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Selling Sky Helps Disney (DIS) Take On Netflix, Amazon & Apple

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Disney (DIS - Free Report) shares popped again Thursday one day after the entertainment powerhouse agreed to let 21st Century Fox (FOXA - Free Report) sell its 39% stake in European pay-TV giant Sky to Comcast (CMCSA - Free Report) . Disney CEO Bob Iger not too long ago called Sky a “crown jewel” of its Fox deal. But the move helps Disney better compete against Netflix (NFLX - Free Report) , Amazon (AMZN - Free Report) , and Apple (AAPL - Free Report) in its streaming future.

The Deal

Comcast officially outbid Fox to take control of Sky (SKYAY - Free Report) over the weekend, with Comcast offering $22.59 a share—valued at $38.8 billion. This marked over a 40% premium to the cable and internet power’s February offer. Shares of Disney jumped Monday on the back of this announcement.

Wednesday’s decision by Disney to let Fox sell the remaining stake in Sky was also met by investor applause. Disney didn’t have any great interest in keeping a minority stake in the European TV company. And now Disney is free from the burden of having to operate an entirely new business at a time when the traditional television industry is in flux.  

The valuation of Fox’s Sky stake sits at roughly $15 billion. Not landing Sky will also reduce the amount of debt Disney has to take on. Disney said in a company statement that the move allows it to “expand its considerable investment in the Disney-branded direct-to-consumer offering launching in late 2019 and the new ESPN+ sports streaming service, and will seek to increase investment in Hulu’s content offerings and international distribution.”

Disney’s deal with Rupert Murdoch’s company still sees it land Fox’s movie and TV studios as well as other international properties, not to mention its 30% stake in Hulu, among other assets. Reports have now surfaced that say Comcast might consider selling its 30% stake in Hulu to Disney, which would give Disney 90% ownership of the streaming platform—AT&T (T - Free Report) owns the remaining10%.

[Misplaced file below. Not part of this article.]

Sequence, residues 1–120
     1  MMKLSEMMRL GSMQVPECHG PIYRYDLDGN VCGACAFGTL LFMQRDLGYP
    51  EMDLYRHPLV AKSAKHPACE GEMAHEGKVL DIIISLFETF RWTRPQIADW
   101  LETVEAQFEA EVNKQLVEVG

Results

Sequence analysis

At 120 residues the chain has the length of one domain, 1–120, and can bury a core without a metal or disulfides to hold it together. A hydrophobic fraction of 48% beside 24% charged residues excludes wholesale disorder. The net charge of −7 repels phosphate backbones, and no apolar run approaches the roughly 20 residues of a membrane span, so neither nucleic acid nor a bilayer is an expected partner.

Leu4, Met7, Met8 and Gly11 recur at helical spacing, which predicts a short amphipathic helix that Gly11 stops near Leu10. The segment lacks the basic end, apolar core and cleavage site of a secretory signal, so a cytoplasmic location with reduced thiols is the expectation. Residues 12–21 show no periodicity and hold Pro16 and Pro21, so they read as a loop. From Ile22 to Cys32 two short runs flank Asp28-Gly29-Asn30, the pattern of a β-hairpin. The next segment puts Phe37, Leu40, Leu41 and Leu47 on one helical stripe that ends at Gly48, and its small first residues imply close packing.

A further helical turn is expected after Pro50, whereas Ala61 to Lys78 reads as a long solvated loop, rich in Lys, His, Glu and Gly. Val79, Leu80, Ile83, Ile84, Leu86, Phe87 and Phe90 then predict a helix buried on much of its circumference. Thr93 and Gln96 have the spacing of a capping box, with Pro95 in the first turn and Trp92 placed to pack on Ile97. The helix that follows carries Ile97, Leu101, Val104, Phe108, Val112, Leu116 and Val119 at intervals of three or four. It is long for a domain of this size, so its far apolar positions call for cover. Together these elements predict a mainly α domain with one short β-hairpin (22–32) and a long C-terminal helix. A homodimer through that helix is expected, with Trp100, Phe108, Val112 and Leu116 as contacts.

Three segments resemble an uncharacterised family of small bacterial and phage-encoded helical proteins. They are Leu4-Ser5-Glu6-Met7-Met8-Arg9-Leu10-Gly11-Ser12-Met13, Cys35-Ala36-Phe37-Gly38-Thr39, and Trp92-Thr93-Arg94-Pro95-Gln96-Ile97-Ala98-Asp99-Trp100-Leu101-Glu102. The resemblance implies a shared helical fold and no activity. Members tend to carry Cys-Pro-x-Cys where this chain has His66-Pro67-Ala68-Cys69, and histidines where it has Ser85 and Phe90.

Disney made its Fox deal to help secure a more stable future in a streaming age where content ownership and digital distribution are paramount. “Along with the net proceeds from the divestiture of the RSNs (regional sports networks), the sale of Fox’s Sky holdings will substantially reduce the cost of our overall acquisition and allow us to aggressively invest in building and creating high-quality content for our direct-to-consumer platforms to meet the growing demands of viewers,” Iger said in a statement.



Streaming Future

Just last week Disney announced that its new ESPN+ streaming service reached over one million paying subscribers. The growth of the $4.99 per month stand-alone streaming platform since its April launch is a great sign for Disney.

Investors should note that ESPN+ doesn’t feature ESPN’s premier content, such as Monday Night Football, NBA basketball, or big-time college football and basketball. These high-profile offerings will likely be available down the road—on a completely stand-along ESPN platform—when ESPN and its various partners work out what to do as linear TV continues to suffer.

Instead, ESPN+ has succeeded through a slew of secondary sports geared toward consumers that are more familiar and accustomed to streaming. This includes a push into youth-focused esports and soccer.

Meanwhile, Disney’s stand-alone streaming service looks poised to thrive when it debuts in late 2019. “We feel that it does not have to have anything close to the volume of what Netflix has because of the value of the brands and the specific value of the programs that will be included on it,” Disney’s CEO said on its most recent earnings call.

The company noted that its streaming service will feature new Pixar, Marvel, Disney, Lucasfilm, and eventually National Geographic content. Disney said that the streaming service’s price point will reflect a lower volume, but has yet to offer up any specifics.  

Bottom Line

Disney will soon offer three stand-alone streaming platforms: ESPN+, Hulu, and what Iger called “Disney Play.” The company has mentioned the possibility of a bundle pricing option for consumers. This could make it highly enticing for those looking to move on from cable, and even those who aren't.

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